Mitt Romney seems to be no one's ideal Republican candidate for President of the United States, but many observers remain convinced that the GOP nomination is his to lose in a field of perceived small-timers, in spite of the presumed desire among "base" primary voters for a more hard-charging conservative. As the Christian Science Monitor reports this week, some Republicans are worried about whether Romney can inspire the turnout they'd need to unseat President Obama or, in the worst case scenario, provoke a rightward bolt of dissatisfied Tea Partiers.
Matt Kibbe, the president of FreedomWorks and an advisor to Tea Party groups, would clearly rather not have Romney as the Republican nominee, but he also doesn't want anyone to blame Tea Parties should Nominee Romney lose to Obama. He is adamantly opposed to Tea Partiers declaring independence from the GOP. "I'm not predicting a third party," he tells Monitor reporter Linda Feldman, "and I would never support that, because I think it's a bad strategy." He warns, however, that Republicans could fall victim to passive resistance from TPs if they "nominate a candidate who's not exciting or even acceptable to fiscal conservatives who do so much of the work." Like many Tea Partiers, Kibbe contends that Senator McCain lost the 2008 election, in spite of Sarah Palin, because he was insufficiently conservative to inspire sufficient conservative turnout. The same fate, he hints, could befall Romney -- "If the Republican Party fails to produce a candidate that meets basic standards, that's always a problem."
Kibbe makes what he considers an important distinction. The risk involved in any right-wing resistance to Romney (or to any perceived moderate nominee) is that Tea Partiers could be blamed by the GOP mainstream for re-electing Obama. According to Kibbe's logic, the TPs would be guilty as charged if they formed a third party and actively sought to take votes from the Republicans. Former RNC chairman Haley Barbour seconds this viewpoint. He tells Feldman: "The tea party voters have proven they recognize that they shouldn't be a third party, because it would insure Obama's reelection." But if TPs simply stayed home, Kibbe implies, an Obama victory would be the GOP's fault -- as it was in 2008-- for nominating an uninspiring candidate. But what about the TPs' patriotic obligation to offer a better choice to the general public for the country's sake? Kibbe's implicit threat to stay home from the Presidential vote, welcome as it may be to Democrats, should strike Tea Partiers themselves as an abdication of responsibility for the future of the republic. Many of them probably recognize this already, since the Monitor reports that "some tea party supporters already back Romney" on the simple basis of his assumed electability. This is the usual nose-holding lesser-evilism at work among people who'll take anyone in place of the current President. But weren't they supposed to have more and better choices thanks to the Tea Party uprising? Instead, in the event of a Romney nomination, the movement offers its members a stark choice between complacency and apathy.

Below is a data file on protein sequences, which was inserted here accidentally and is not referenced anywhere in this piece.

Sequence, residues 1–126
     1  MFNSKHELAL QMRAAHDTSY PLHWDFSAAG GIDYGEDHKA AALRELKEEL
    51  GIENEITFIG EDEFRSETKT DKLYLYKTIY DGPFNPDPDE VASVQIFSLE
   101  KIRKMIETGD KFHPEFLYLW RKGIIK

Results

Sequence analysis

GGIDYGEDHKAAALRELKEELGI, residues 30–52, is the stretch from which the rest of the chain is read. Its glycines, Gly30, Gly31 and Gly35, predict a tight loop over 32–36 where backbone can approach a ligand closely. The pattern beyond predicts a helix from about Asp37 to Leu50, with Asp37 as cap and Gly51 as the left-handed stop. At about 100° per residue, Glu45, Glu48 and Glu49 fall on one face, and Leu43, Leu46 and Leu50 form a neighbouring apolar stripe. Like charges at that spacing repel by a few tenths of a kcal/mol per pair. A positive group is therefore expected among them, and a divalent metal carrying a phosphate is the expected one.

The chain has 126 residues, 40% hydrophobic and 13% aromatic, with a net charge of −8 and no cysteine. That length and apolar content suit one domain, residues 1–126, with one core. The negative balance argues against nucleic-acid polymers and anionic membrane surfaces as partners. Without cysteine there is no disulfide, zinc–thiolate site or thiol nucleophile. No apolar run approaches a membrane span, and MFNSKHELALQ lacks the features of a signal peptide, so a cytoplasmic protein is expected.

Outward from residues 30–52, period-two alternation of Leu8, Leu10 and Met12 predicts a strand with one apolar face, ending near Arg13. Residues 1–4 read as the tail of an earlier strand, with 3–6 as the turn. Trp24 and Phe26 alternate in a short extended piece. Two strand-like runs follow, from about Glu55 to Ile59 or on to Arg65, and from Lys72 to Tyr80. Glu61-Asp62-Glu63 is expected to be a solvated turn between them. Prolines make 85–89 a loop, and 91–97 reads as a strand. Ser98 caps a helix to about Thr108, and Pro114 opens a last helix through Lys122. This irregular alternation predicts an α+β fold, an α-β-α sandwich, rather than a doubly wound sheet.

Some will choose apathy, with a side order of spite. According to Feldman, a Montana TP recently told an RNC committeeman that "if we don't get someone who's a real [conservative], I'd rather have Obama and let everything go down in flames." From a movement that supposedly embodies the country's can-do spirit, you couldn't ask for a more pathetic expression of angry impotence, or a more complete failure of political imagination.